HOMEBREW Digest #915 Thu 02 July 1992

Digest #914 Digest #916

		Rob Gardner, Digest Coordinator

  Electrim Bin / sparge water (Josh Grosse)
  Lovibond needed (chris campanelli)
  Cleaning Blow-off tubes (Jim Grady)
  hydrometer, methanol (Russ Gelinas)
  Chas. Anderson's first All-Grain ("Robert Haddad" )
  7 Gallon Carboys (916)351-5514" <JMYERS at T1ACC1.intel.com>
  Leaking cooler (Nick Zentena)
  IPUs (Bob Devine  01-Jul-1992 1102)
  Some thoughts on Hot peppers and beer (Paul Kramer)

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---------------------------------------------------------------------- Date: Tue, 30 Jun 92 22:03:21 EDT From: jdg at grex.ann-arbor.mi.us (Josh Grosse) Subject: Electrim Bin / sparge water Charlie Anderson asks: > ...I mashed for 90mins w/2.25 gals >in my electrim-bin, ... had a hell of a time getting the temp to stay constant >at 150... > ...is it really important to keep it exactly on target? Yes, Charlie, it's VERY important. There are two solutions to your problem. 1) STIR. Every minute or two. 2) USE A GRAIN BAG. This will keep the grain off of your element so it doesn't burn, allows you to sparge right out of your mashing tun, and forces you to use more water, which would also help your temperature stability. > .... Should my sparge water be boiling when I start, TCJOHB says >170, does it matter? At 172 or higher, you may begin extracting tannins which can cause undesirable off flavors. I use 168. JS uses boiling water, though he has reported his grain-bed temperature ends up a lot lower than that. Good luck! - ----------------------------------------------------------------- Josh Grosse jdg at grex.ann-arbor.mi.us Return to table of contents
Date: Tue, 30 Jun 92 23:32 CDT From: akcs.chrisc at vpnet.chi.il.us (chris campanelli) Subject: Lovibond needed Does anyone have a Lovibond rating for either Victory malt or unmalted wheat? Thanks in advance. Return to table of contents
Date: Wed, 1 Jul 92 7:51:07 EDT From: Jim Grady <jimg at hpwalq.wal.hp.com> Subject: Cleaning Blow-off tubes Bob Jones asks about cleaning out blow-off tubes: I use 'B-Brite' to clean mine. I get it from my homebrew supplier (generally Beer & Wine Hobby in Woburn, MA & sometimes Modern Brewer in Cambridge, MA). It's a sterilizer and cleanser (in probably the loosest senses of those terms) and works very well. It is kind of expensive so I use bleach when I just need to sterilize but B-Brite works great at cleaning out blow-off tubes, the neck of the carboy after blow-off & getting labels off a new batch of bottles. The label on the bag of B-Brite says to use 1 TBS/Gal but I usually use a little more than half that amount. I have never found it necessary to scrub the gunk out; just soak for a while and rinse. - -- Jim Grady | Trink was klar ist Internet: jimg at wal.hp.com | Lieb was wahr ist Phone: (617) 290-3409 | Merlin - Bier Return to table of contents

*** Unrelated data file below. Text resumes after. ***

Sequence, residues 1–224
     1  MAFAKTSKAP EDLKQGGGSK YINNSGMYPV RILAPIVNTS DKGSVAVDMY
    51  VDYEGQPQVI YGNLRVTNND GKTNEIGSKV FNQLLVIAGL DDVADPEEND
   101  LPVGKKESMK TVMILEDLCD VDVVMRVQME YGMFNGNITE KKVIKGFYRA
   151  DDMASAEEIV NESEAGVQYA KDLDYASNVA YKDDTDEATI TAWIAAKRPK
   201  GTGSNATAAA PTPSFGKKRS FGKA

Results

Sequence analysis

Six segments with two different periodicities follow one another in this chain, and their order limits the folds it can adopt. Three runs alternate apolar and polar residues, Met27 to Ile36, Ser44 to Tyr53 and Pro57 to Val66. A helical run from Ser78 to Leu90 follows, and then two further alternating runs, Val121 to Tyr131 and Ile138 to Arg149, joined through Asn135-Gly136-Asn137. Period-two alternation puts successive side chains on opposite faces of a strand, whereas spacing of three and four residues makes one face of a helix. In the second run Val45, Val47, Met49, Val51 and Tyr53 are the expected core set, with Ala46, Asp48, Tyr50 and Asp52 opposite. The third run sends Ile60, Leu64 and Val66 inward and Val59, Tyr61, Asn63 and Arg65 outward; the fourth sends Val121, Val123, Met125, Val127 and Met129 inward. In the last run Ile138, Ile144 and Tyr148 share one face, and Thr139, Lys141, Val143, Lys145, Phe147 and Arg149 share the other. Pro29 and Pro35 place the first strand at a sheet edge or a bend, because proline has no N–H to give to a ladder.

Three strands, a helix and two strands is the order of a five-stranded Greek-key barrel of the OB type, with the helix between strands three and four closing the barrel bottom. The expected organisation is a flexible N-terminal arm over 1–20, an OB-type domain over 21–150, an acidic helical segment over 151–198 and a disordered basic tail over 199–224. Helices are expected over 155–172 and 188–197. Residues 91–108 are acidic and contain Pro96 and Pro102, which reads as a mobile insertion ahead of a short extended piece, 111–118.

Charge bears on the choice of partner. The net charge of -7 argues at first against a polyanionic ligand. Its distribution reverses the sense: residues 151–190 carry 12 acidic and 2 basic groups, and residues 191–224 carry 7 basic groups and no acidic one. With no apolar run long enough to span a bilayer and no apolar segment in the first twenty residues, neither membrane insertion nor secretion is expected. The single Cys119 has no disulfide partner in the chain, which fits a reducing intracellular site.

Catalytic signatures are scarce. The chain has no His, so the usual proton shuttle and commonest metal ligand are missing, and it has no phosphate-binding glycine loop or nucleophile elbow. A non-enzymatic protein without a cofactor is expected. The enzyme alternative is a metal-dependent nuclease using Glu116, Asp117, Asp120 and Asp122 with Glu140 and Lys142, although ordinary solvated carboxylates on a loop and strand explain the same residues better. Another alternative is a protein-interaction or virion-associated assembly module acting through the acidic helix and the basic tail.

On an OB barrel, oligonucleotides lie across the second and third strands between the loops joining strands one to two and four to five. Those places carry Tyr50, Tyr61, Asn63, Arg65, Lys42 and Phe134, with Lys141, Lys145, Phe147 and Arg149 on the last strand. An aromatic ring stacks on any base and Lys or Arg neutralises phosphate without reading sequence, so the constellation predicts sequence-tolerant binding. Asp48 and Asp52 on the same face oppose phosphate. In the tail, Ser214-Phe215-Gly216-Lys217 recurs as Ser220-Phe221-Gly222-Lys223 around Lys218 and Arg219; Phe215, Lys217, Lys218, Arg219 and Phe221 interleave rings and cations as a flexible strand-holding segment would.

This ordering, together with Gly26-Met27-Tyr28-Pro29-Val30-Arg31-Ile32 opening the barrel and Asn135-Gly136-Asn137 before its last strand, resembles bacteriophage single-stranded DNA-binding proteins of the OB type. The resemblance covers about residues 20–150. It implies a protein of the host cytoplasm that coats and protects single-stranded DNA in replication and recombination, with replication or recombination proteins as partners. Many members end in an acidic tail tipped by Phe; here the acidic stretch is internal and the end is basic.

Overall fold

Date: Wed, 1 Jul 1992 9:44:32 -0400 (EDT) From: R_GELINAS at UNHH.UNH.EDU (Russ Gelinas) Subject: hydrometer, methanol Hydrometer readings will go up even while the heavier trub material is settling out because the wort is cooling. Cool wort has a higher SG than hot wort. Think of it as a syrup; cold syrup is thick, hot syrup is thin, and in a simple sense, that's what SG is a measure of, liquid thickness. Now, once and for all, can someone definitively answer whether it is possible to produce truly "bad" alcohols (like methanol) in homebrew, in any way? I mean by "normal" fermentation, very hot or very cold fermentation, very long (like 5 years) fermentation, pasteurization, storage at very high temps, exposure to various frequencies of light, distillation, or any other strange thing we might do to our beer. Russ Return to table of contents
Date: 1 Jul 92 10:46:06 EDT From: "Robert Haddad" <RHADDAD at bss1.umd.edu> Subject: Chas. Anderson's first All-Grain I particularly enjoyed Charles Anderson's account of his bold move into all-grain brews, as well as Desmond Mottram's reply. I have been brewing for a couple of years but have yet to make the move into all-grain. Perhaps the time has come... Charles, keep us appraised of the result of the brew. Also, could you describe any further monetary investments (above and beyond the equipment necessary for extract brew) for such items as wort chiller and the like? Thanks a lot Robert Haddad rhaddad at bss1.umd.edu Return to table of contents
Date: Wed, 1 Jul 92 08:28:37 PDT From: "JOHN MYERS, INTEL FM3-35, (916)351-5514" <JMYERS at T1ACC1.intel.com> Subject: 7 Gallon Carboys In response to Matt Titus' request for information on 7 gallon carboys - They are available at: "THE BREWMEISTER" 303 Riley Street Folsom, CA 95630 The cost is $20.00. I'm not sure if they're shipping yet? This brew supply store just opened within the last month. The number is (916)985-7299 if you want to call first. Rumors have it - Johnny Cash shops there. Return to table of contents